Blog on the Run: Reloaded

Wednesday, July 13, 2011 8:27 pm

One would think …

Filed under: Aiee! Teh stoopid! It burns!,I want my money back. — Lex @ 8:27 pm

… that any person able to win a coveted slot in The New York Times’s regular op-ed stable with license to opine on the economy would have a certain basic knowledge of economics and, in particular, would have done enough reporting to understand the causes and solutions of today’s economic problems, particularly inasmuch as we experienced something similar decades ago and know what worked and what didn’t back then. Indeed, one would think that a pundit in such an exalted position would be both able and willing to do the minimal reporting necessary to relate accurately the salient facts relevant to the situation about which he opines.

One would think that.

And, in the case of David Brooks, one would be completely, totally, unutterably, head-explodingly, brains-all-over-the-walledly wrong.

And this is the guy people point to when they claim that conservative pundits can be reasonable (whereas the real Republicans call him a RINO).

Jesus wept.


  1. So do I hear you corectly ? You don’t agree with

    Charles Davenport on David Brooks

    In part:
    Brooks writes that Barack Obama needs to reach a deal with Republicans on the debt ceiling “so he can campaign in 2012 as a moderate.” But one would have to be ignorant of both Obama’s record and the fundamentals of political philosophy in order to believe the president is a “moderate.” Obama’s ultra left-wing, statist ideology–and its catastrophic failure–is obvious to everyone who has any business within 100 yards of a voting booth.

    The Republican Party is not “a normal party,” Brooks argues, because it appears willing to reject spending cuts if they are accompanied by “revenue increases.” It may surprise Mr. Brooks, a highly-educated man, to discover that even we, the doltish, toothless hillbillies who comprise the Tea Party movement, are aware that the term “revenue increase,” which he utilizes repeatedly, is merely a synonym for “tax increase.” In fact, contrary to Brooks’ assertion, the GOP has a long history of capitulating and abandoning principle. We can only hope that, this time around, conservatives will be as stubborn and belligerent in opposition to “revenue increases” as Mr. Brooks claims they are.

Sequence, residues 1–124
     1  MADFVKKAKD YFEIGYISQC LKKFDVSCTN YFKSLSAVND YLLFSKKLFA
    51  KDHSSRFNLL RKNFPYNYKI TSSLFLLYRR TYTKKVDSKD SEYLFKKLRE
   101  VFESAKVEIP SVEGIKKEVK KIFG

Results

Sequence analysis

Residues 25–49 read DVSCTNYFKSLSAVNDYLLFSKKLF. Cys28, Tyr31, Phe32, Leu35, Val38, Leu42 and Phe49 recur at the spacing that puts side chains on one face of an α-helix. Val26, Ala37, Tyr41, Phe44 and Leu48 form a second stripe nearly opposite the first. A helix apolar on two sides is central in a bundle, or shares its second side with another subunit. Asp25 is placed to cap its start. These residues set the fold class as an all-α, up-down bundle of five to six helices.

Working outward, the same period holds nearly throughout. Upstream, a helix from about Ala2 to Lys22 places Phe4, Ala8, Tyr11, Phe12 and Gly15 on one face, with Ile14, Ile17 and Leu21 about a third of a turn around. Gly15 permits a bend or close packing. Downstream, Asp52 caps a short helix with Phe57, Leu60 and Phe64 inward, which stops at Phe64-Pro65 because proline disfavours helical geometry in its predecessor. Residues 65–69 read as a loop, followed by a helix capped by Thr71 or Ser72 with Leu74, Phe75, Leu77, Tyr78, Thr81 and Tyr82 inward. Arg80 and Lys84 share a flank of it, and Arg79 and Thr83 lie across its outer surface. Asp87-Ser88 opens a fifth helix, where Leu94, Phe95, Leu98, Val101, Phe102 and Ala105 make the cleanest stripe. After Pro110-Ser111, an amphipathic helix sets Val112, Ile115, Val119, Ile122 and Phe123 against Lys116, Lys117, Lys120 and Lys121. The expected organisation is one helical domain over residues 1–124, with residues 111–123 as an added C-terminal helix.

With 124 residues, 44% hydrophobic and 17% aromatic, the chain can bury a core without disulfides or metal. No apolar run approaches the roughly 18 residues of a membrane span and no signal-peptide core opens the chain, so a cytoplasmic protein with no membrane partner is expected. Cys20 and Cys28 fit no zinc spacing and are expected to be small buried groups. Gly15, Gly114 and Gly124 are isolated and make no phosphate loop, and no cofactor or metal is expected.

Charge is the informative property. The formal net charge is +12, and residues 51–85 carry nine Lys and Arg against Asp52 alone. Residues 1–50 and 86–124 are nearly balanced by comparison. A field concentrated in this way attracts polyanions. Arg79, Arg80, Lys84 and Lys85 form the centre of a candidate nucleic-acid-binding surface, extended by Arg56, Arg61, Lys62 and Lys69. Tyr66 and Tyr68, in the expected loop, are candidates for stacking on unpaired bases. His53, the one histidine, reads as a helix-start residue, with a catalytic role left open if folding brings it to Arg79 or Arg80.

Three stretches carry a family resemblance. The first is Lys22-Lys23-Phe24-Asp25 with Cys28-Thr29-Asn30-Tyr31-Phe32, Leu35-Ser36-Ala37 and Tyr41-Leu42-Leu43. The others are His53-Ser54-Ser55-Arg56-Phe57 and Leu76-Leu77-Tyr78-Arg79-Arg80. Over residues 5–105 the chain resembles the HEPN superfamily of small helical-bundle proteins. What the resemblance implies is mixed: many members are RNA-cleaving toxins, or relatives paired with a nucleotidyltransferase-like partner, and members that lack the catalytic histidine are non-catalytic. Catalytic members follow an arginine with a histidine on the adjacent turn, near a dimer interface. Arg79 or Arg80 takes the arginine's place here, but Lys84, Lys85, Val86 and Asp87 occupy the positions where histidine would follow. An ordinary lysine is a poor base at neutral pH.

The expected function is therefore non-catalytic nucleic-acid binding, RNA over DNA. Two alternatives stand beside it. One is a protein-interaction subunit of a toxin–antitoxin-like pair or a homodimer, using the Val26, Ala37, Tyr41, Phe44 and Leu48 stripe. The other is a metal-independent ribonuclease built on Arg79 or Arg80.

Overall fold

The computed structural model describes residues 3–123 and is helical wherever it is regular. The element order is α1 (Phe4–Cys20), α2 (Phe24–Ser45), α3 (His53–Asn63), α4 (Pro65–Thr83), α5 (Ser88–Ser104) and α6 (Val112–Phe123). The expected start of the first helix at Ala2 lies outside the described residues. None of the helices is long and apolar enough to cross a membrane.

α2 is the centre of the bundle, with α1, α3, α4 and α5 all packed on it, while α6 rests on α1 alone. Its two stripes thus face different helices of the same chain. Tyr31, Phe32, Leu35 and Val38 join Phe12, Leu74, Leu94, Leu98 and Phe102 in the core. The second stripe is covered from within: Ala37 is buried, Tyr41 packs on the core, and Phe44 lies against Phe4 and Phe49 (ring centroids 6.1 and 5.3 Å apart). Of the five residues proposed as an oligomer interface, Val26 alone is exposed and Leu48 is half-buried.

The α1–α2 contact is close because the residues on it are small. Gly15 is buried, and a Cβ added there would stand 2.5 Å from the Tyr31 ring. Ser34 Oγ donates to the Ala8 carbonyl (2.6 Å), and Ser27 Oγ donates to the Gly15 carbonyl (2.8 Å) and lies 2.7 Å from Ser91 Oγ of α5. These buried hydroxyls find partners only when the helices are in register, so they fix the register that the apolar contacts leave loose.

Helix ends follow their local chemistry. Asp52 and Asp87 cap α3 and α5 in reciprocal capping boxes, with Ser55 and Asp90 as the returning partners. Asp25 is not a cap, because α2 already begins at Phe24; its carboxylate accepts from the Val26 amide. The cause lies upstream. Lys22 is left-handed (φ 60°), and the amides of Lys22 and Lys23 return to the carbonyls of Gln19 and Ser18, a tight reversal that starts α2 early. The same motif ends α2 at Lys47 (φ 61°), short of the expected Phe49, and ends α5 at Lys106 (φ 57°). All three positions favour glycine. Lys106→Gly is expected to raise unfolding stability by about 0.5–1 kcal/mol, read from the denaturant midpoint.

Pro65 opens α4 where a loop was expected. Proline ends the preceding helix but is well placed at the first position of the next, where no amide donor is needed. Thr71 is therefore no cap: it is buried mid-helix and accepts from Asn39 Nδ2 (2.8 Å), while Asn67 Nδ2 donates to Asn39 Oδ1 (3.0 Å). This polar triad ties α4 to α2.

“The members of this movement,” Brooks writes, “do not accept the logic of compromise,” and they “do not accept the legitimacy of scholars and intellectual authorities.” If “compromise” includes accepting the demands of collectivist, nanny-state liberals while defiling the principles of limited government and self-reliance, then yes, conscientious conservatives should reject compromise.

    One glance at the economy raises grave concerns about the competence of the “scholars and intellectual authorities” Mr. Obama has placed in charge. We accept the legitimacy of scholars who speak and write in defense of the ancient, tried-and-true principles at the foundation of our republic, including limited government (as expressed in the 10th Amendment) and free enterprise. The Obama administration is not only hostile to these principles, but continues to defend—in “fanatical” fashion—principles that have demonstrably failed.

    Because of his squishy, moderate, self-aggrandizing positions, constitutional conservatives have never considered Mr. Brooks an ally. (By definition, a moderate believes deeply in nothing.) His columns are “conservative” only in comparison to the left-wing militancy that prevails at The New York Times. With his column on “fanatics,” Mr. Brooks has aligned himself with our adversaries: the arrogant, inside-the-beltway, tax-hiking, big government-loving Ruling Class. The scholar and intellectual authority at the heart of the Tea Party movement—James “Little Jimmy” Madison–would reject in no uncertain terms the “compromise” Mr. Brooks toots his own horn for embracing.

    Comment by Fred Gregory — Wednesday, July 13, 2011 9:23 pm @ 9:23 pm

  2. Fred, when Davenport isn’t being delusional, he’s just lying.

    Obama has no intention of “campaigning in 2012 as a moderate,” not least because there are no moderates. The country is as polarized as it has been since Roosevelt’s time, and Davenport and his ilk aren’t going to vote for Obama no matter what he does. Obama wants to campaign in 2012 as the guy who created the Grand Bargain that got deficits under control. He’s not playing to moderates; he’s playing to the history books. (Never mind that the policy he is seeking will be disastrous in the short term with respect to employment.)

    His positing of Obama’s “ultra left-wing, statist ideology” ignores the fact that Obama’s, you know, actions have benefited large corporations (particularly financial institutions), not the vast majority of Americans; that aside from a TSA-driven bump initiated by Bush, civilian federal employment is about as low as it has been since the Kennedy administration; and that 74% OF REPUBLICANS favor tax increases along with spending cuts to bring deficits under control.

    Davenport thinks Brooks is a fake. I think he’s too stupid to be smart enough to be a fake. There’s a difference.

    Comment by Lex — Thursday, July 14, 2011 8:59 am @ 8:59 am

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